Served cold, the turkey sub ($12) is made from poultry roasted and sliced in-house, and dressed with a sweet and tangy tomato conserva, mild provolone cheese, sharp and crunchy pickled onions, peppery arugula, and a scant amount of oil and vinegar dressing. While it’s not going to convert any turkey sandwich haters to white meat lovers, it is a fine example of the form. The turkey is moist, and the condiments sing in harmony. If anything, the sub could use an extra drizzle or two of the dressing.

All of Merigan’s sandwiches, including the cheesesteak, come with a small piece of neon-colored taffy. Photo: Kate Williams

All of Merigan’s sandwiches, including the cheesesteak, come with a small piece of neon-colored taffy. Photo: Kate Williams

The infamous cheesesteak (now $14.50) is far better than I’d predicted given its PR. Expertly sliced steak gets a quick trip on the flattop with thick strips of onion and covered with a demure layer of melted provolone. There’s enough cheese to realize its presence, but not so much to overwhelm the flavor of the meat—indeed, the sub actually tastes like a steak sandwich instead of melted cheese on a roll studded with chewy strips of mystery meat. Add a drizzle of the hots for a spicy bite and bright contrast to the rich slices of beef.

The chocolate chip cookie makes a stellar dessert. Caption: Kate Williams

The chocolate chip cookie makes a stellar dessert. Caption: Kate Williams

Still, the best bite of the afternoon goes to the chocolate chip cookie flaked with sea salt ($2.50). Deeply buttery and redolent of caramel-y brown sugar, Merigan’s cookie is studded with generous chunks of chocolate and exhibits that elusive and wonderful crisp-chewy contrast between the golden outer edges and soft center. It is the chocolate chip cookie I aspire to make.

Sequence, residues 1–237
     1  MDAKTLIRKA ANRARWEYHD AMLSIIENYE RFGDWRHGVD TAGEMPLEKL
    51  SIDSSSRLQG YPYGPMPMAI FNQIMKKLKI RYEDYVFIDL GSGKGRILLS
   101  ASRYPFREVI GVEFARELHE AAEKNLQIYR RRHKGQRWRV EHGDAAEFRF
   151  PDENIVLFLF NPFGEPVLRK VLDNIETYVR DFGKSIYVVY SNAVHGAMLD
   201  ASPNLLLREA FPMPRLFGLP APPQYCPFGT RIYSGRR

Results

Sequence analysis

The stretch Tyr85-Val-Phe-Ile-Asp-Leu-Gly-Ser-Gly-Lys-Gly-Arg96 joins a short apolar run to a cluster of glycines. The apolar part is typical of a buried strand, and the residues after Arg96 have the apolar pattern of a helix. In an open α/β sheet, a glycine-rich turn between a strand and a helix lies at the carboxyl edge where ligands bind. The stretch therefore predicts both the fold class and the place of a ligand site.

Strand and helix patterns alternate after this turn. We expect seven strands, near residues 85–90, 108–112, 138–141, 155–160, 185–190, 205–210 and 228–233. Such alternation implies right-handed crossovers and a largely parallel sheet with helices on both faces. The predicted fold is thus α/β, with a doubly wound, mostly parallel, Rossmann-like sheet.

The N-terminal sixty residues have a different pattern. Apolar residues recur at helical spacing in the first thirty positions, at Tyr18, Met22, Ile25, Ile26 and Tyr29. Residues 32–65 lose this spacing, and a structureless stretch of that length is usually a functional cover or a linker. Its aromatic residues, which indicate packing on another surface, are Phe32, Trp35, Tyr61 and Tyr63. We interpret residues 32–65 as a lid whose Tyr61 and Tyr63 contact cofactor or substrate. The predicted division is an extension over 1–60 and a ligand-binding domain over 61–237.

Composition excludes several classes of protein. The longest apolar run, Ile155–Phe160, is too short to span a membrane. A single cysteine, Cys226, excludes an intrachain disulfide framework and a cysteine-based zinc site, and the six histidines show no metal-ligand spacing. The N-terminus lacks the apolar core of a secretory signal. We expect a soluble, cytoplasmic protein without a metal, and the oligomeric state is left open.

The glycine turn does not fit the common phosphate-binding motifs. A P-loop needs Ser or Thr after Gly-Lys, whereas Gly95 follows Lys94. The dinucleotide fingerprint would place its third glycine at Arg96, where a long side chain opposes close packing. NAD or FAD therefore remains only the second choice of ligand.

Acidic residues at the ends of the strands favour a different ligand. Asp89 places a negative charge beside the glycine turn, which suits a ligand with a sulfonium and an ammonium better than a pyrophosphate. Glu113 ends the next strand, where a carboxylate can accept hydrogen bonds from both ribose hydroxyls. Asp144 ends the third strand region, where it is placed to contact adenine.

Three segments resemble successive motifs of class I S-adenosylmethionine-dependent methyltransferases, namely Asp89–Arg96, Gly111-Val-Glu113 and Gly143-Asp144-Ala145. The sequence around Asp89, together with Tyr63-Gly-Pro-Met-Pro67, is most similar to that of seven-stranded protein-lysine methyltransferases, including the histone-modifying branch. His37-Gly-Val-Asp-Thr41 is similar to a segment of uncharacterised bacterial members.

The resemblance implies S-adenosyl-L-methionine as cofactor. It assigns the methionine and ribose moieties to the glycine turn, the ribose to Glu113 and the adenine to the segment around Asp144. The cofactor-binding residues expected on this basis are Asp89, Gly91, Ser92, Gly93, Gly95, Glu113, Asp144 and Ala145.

Had I not needed to hop in the car and drive from one end of the bay to the other, I surely would have sampled one of the two draft wines ($8 each for Unti Rosso 2012 and Giordnata ‘Il Campo’ Blanco 2012) or a beer from their short, food-friendly list. Happy hour ($5 drafts) is Monday-Saturday from 4-7pm, perfect for Giants game days come summer. For teetotalers, Merigan has a well-curated selection of sodas like Cheerwine, Mexican Coke, and Abita Root Beer.

In the end, I probably won’t return to Merigan on a regular basis—except, perhaps, for a cookie and a beer. The subs are enjoyable, and I appreciate the careful sourcing and production of the ingredients. But if I made the place a lunchtime habit, I’d quickly run out of pocket change.

Information

Merigan Sub Shop
Address: Map
636 2nd Street
San Francisco, CA 94107
Phone: 415.536.2991
Hours: Mon-Sat 10am-7pm (Happy Hour Mon-Sat 4-7pm)
Facebook: Merigan Sub Shop
Twitter: @MeriganSubShop

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Category: bay area, Bay Area Bites Food + Drink, restaurants, bars, cafes, reviews, san francisco

About the Author ()

Kate Williams grew up outside of Atlanta, where twenty-pound baskets of peaches were an end-of-summer tradition. After spending time in Boston developing recipes for America's Test Kitchen and pretending to be a New Englander, she moved to sunny Berkeley. Here she works as a personal chef and food writer, covering topics ranging from taco trucks to modernist cookbooks. In addition to KQED's Bay Area Bites, Kate's work appears on Serious Eats, Berkeleyside NOSH, The Oxford American, America's Test Kitchen cookbooks, and Food52.